It is particularly important for Partners to take the lead as hosts at all social functions in a retreat. You will be watched similarly to how we carefully observe flight attendants when there is a bit of turbulence. Are you comfortable or looking awkward and out of place? Are you speaking with the same old Partners, Associates or staff that you always do, or are you branching out and taking the time to get to know others? Set the tone. Act the way you would like everyone else to act. Take advantage of this rare opportunity to get to know a little bit better the members of this larger team called a firm.

Re-Affirming Team Commitment: I’ve sat through a few time share presentations but I’ve left without owning one. Attending an event doesn’t mean you’ve bought into the results of that event. Re-affirming team commitment isn’t an agenda item. Rather, it’s a series of actions taken throughout the retreat. Great retreats have a purpose, are structured to meet that intent, engage participants so they feel they are helping to shape the outcome and decisions, and take the time to re-enforce those decisions and ask attendees for commitment and action in moving forward. This last item occurs in the final address of the retreat, and ideally includes the outline of an accountability process. This allows the firm to show that the occurrence of the retreat wasn’t just a check box. Decisions were made, actions have been planned and are expected to be taken, and reporting will be done back to the full firm.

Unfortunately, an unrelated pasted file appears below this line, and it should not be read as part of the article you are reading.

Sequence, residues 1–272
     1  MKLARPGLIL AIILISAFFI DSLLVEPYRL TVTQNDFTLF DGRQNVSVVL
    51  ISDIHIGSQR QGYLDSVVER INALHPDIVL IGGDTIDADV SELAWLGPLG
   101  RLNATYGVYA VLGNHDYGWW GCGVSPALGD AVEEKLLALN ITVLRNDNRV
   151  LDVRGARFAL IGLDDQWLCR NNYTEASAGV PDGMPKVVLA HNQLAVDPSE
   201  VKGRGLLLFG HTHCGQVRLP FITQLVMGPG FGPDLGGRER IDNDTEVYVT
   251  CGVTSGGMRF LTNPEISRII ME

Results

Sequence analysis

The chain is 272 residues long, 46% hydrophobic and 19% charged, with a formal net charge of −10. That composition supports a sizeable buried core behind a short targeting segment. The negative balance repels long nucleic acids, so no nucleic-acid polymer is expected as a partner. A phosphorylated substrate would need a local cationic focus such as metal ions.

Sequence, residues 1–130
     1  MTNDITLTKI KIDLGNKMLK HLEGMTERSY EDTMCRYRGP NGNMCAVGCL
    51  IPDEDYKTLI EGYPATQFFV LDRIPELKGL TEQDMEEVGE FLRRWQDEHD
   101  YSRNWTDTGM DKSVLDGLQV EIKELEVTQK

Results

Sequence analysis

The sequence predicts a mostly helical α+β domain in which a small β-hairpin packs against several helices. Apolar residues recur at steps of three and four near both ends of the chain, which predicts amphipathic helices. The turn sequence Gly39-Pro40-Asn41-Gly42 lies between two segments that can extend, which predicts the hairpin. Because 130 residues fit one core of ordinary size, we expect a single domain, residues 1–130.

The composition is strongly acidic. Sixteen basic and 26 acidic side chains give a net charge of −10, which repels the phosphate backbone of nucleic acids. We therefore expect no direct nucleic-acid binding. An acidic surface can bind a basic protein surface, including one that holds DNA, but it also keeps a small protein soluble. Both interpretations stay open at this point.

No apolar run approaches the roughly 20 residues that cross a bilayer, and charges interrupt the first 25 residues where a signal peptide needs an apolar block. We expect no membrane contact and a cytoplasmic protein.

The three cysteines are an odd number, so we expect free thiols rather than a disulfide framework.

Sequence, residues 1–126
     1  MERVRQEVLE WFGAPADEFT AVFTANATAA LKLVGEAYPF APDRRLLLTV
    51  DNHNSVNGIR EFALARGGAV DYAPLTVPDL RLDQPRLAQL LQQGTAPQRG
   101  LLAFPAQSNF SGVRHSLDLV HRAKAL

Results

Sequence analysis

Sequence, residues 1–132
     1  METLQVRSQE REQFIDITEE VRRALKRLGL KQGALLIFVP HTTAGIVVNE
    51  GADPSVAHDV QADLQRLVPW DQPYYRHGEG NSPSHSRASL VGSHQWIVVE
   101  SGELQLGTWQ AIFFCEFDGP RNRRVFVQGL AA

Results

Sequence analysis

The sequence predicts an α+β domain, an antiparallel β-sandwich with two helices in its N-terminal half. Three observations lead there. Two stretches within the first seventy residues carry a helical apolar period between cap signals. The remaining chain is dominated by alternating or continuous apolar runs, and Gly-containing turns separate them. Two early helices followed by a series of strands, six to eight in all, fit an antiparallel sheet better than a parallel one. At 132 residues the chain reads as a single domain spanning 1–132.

Other Tips for Successful Retreats:

  • Timing/Duration: Retreats needn’t happen at (fiscal or calendar) year end, but they should occur at the end of a quarter so reporting can be done, and discussions can include an accurate and timely summery of what’s occurred to date, and what’s planned for the future. If the purpose of a retreat is to do strategic or business planning for the following year, they should occur within three months of the end of the current year to ensure that finalized plans can be in place when the new year starts. Retreats should have enough content to last at least one business day. Ideally, they would last 1/5 or 2.5 days, depending on the size of the firm and the number of items on the agenda. The .5 allows for travel time at the end. The evenings in between allow for some socializing. In my opinion, a one-day retreat works best on a Friday. A two-day or more retreat starts on a Friday and goes into the weekend. While associates might not be happy to have to give up some or all of their weekend, a fulsome retreat with clear accomplishments on the other side feels worth it. It enables them to feel part of the forward direction of the firm, and gives them a taste for what it’s like to be a Partner in that firm. That’s time well-spent, on all sides.
  • Location: Don’t hold your retreat at or near the office. If you don’t have the budget to go out of the city, pick a venue in the city but awkward for a return to the office at any time.   The intent of a retreat is to get attendees out of their regular state of mind so they can consider and see things differently. They can’t do that effectively if they still feel connected to the office.